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Archive for the ‘spring’ Category

THE GIFT OF SPRING

Thank you God for the gift,

And lift, of color in the spring;

For tree’s strait stance, awaiting the glance

Of the sun, in its northern swing.        

                – eab, Mar. ’71

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[1]

You know my heart, O Lord You always know,

The source from which all thoughts and wishes flow.

You know my life, naught from Thee would I withhold,

O let me come, O let me Lord be bold.

 


[1] Written with a heavy heart in the pines west of and below the old public school grounds, Paris, Ohio.

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This afternoon it rained,

And the drops that settled dust,

As far as I could tell, fell alike;

On the righteous and the unjust.

The clouds let it down,

On the wise man and the clown.

A just God.           -eab, 4/68              

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[1]

A geese vee flew overhead,

Headed for regions beyond,

Eventually to down glide,

To lakeside, creek, or mid-pond.

 

But now they angling fly,

Flying in good formation,

Individuals together,

Designed by great Creation.

 

Theirs is a great graceful gray,

Veeing off to far “new” homes.

One side slightly to the right,

Of the goose who with him roams.

 

The other side slopes to left,

Lefting to lesson the winds.

They call to each his buddy;

Is it courage he now sends?

 

The regal-dressed goose in lead,

Leads both sides of his big vee,

A loosely flying unit,

Yet each bird is truly free,

 

What wise cooperation;

Coping to reach a shared goal.

If God can thus make mere birds,

Can He not help man’s long soul? 

                – eab, 4/18/05   


[1] Was happy to see spring in Canada after our first winter.

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April showers bring May flowers,

For June brides, with July dream towers.

 

April showers can be seen,

Mother nature’s time to clean.

 

The April shower, like cauliflower, may

Come fresh – or frozen – as it did yesterday. 

          – eab 4/66

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Fox grass bending under gentle, windy strokes,

Snow bank patches left on eastern side of slopes,

Early grass growing on the valley wall beyond,

Horizontal streaks set ablaze by the sun,

Unleaved apple trees file up the hill abreast.

A honey bee in strip’d array is out searching for the rest

A variegated heaven is peeking past the tail’s of mares,

As silhouetted birds claimed the world as theirs.     – eab, ’71 APR

Penned in Paris, Ohio

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The sun had heated the wrinkled skin,

And precious warmth instilled within,

          With seemingly no outward result.

But inside the movement of sap,

Permeated the cells (as roads a map)

          It was the renewed sunshine’s “fault.”

 

The sap came up from the deepest root,

To the farthest, round, diminishing shoot,

          In action and time, like each spring.

Running by day, and stopping by night,

Then, again continuing its insistent flight,

          To the tune that the robins sing.

 

Then at last appeared the bud, deep red.

On the tree that last winter looked so dead;

          But now it stands, awake from its nap.

On upper branches the buds opened wide,

Revealing the tender green hid inside –

          Oh, the wonderful power of the sap.  –eab, ‘66 APR    

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The grand Lord knew, after the white and the blue,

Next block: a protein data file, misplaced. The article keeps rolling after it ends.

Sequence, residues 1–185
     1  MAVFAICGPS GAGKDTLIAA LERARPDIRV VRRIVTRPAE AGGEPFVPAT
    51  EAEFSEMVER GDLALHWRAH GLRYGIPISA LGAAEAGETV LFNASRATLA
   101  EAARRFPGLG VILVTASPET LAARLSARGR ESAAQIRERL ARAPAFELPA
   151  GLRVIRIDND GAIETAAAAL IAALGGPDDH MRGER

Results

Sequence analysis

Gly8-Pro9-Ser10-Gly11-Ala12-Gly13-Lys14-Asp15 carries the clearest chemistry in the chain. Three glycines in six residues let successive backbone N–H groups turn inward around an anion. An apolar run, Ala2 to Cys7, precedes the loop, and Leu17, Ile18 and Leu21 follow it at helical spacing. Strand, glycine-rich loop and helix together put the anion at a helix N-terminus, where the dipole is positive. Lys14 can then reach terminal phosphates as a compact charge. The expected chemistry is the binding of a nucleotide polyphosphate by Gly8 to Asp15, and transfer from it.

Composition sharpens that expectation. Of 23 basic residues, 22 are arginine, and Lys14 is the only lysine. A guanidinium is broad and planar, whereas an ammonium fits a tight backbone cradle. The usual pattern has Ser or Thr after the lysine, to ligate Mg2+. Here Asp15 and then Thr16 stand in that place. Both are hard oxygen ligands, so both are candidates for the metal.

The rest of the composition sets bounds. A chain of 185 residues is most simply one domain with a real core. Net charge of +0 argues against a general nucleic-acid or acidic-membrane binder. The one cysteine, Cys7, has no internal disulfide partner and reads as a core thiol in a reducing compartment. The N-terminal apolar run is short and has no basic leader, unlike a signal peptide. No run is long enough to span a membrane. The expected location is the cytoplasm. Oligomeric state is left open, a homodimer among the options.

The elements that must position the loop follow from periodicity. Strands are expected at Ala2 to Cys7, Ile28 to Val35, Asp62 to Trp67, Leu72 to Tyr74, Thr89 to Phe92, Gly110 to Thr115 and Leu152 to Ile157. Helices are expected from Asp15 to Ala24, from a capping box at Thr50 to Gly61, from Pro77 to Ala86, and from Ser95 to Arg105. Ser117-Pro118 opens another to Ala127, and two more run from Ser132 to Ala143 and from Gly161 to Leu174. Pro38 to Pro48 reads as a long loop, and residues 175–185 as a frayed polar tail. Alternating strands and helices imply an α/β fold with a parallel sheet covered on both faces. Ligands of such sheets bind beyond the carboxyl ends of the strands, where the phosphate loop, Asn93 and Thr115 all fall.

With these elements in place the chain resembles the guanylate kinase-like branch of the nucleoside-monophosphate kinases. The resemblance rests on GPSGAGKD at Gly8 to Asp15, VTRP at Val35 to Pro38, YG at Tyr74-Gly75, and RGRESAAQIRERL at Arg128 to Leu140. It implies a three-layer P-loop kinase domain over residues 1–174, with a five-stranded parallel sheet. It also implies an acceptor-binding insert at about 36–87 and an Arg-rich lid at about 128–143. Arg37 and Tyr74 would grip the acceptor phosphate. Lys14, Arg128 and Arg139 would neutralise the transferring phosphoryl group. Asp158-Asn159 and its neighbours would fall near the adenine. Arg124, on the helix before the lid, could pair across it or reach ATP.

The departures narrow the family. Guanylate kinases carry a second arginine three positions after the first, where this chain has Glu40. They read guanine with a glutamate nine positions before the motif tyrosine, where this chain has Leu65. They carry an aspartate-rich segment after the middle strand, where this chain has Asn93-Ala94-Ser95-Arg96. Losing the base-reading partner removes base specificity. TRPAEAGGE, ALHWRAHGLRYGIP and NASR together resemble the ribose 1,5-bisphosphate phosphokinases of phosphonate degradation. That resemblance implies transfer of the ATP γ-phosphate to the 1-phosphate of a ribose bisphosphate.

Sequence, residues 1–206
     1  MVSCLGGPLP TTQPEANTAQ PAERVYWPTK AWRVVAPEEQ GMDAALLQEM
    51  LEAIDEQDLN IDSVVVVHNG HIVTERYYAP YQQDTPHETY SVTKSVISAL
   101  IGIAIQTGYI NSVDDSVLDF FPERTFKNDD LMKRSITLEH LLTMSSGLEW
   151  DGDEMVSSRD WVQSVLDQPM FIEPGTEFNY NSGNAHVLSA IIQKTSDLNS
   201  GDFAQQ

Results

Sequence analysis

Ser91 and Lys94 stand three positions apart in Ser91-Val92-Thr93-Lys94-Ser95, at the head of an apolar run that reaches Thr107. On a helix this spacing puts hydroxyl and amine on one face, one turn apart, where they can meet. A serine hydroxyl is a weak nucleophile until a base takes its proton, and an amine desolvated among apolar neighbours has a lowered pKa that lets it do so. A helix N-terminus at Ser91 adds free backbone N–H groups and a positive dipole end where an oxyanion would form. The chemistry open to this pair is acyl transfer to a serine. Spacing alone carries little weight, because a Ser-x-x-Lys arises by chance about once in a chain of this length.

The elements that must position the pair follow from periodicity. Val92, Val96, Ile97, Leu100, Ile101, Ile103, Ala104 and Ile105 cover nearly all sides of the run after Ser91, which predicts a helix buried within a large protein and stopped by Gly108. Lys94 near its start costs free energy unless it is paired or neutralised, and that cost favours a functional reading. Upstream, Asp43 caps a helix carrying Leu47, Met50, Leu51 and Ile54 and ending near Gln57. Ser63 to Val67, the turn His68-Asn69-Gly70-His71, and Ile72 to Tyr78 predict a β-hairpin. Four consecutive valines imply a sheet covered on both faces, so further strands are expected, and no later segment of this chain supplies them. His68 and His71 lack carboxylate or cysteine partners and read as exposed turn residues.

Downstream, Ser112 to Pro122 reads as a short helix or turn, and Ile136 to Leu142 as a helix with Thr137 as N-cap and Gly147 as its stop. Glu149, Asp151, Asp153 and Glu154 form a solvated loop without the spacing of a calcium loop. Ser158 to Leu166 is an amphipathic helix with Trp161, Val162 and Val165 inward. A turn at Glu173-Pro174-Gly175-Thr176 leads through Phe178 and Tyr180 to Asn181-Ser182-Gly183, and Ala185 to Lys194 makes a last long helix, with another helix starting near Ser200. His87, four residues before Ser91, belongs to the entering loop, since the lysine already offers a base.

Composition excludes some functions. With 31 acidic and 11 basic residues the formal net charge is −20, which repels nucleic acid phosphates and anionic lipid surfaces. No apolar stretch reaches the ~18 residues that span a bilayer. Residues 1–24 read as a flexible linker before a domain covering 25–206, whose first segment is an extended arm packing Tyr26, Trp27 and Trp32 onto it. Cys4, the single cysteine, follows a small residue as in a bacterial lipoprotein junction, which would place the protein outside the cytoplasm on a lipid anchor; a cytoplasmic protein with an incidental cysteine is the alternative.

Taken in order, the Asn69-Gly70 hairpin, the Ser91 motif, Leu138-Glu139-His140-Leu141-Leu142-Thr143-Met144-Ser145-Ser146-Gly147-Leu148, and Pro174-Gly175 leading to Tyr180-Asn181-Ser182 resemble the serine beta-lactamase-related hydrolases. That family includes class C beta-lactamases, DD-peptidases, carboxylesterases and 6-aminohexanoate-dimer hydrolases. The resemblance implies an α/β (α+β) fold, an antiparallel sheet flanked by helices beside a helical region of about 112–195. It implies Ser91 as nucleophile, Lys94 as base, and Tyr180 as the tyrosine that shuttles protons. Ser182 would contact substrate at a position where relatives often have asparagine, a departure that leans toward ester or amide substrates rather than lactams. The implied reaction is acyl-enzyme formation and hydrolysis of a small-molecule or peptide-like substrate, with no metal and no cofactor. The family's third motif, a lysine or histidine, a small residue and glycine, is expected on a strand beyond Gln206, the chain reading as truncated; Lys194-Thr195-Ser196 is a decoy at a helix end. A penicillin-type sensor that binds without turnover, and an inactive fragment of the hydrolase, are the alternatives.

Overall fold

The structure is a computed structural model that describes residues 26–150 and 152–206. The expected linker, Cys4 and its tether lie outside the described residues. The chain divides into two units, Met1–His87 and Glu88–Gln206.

Of the cold, crisp fortnights of chill,

After stark star lights and short day sights,

And iced-over bridges at the bottoms of the hill,

After sleet’s solid rain and the snow flakes again,

And the humdrum of life in confinement;

That man needed to sing – he needed spring –

The Lord’s annual perfection of refinement.   -eab, 3/29/80

Penned in Friendsville, Tennessee, located in western Blount Co.

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The little hamlet caps the hill

And drips into the vales below.

The parting of the farmer’s lands,

The joining of the merchant’s hands,

And down the track a mile or so

The brick plant stands.

 

The homes of Civil War stand, still,

Along the maple-shaded streets.

The village square is seen to hold,

The General Phil and steed in mold,

Then east on the hill brow one meets

The school place, old.

 

The worn street bricks, years from the mill,

Blend with the ancient stepping-stones.

Now south a bit, the land is cut,

With rails and timbers, one big rut;

And add to this the church bell tones,

As steeples jut.

 

These pleasant scenes my mind did fill

(Though miles and years their distance prove)

On living a peculiar day,

Much like those spent in school in May,

In blest Ohio, state I love,

And village, away.  [1]         – eab, 3/27/69


[1] Remembering my home town, Somerset, Ohio where I attended school from fall of ‘50 to the spring of ‘57.  Home of Phil Sheridan.

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Comfort ye, comfort ye My people, saith your God; speak ye comfortably to Jerusalem; and cry unto her, that her warfare is accomplished, that her iniquity is pardoned. The voice of him that crieth in the wilderness:-Prepare ye the way of the Lord: make straight in the desert a highway for our God.

Every valley shall be exalted, and every mountain and hill made low, the crooked straight and the rough places plain.

And the glory of the Lord shall be revealed, and all flesh shall see it together; for the mouth of the Lord hath spoken it

             [The above are words from Handel’s Messiah]

 

3/23 DATE1744, George Frederic Handel’s famous oratorio “Messiah” was performed for the first time, London.

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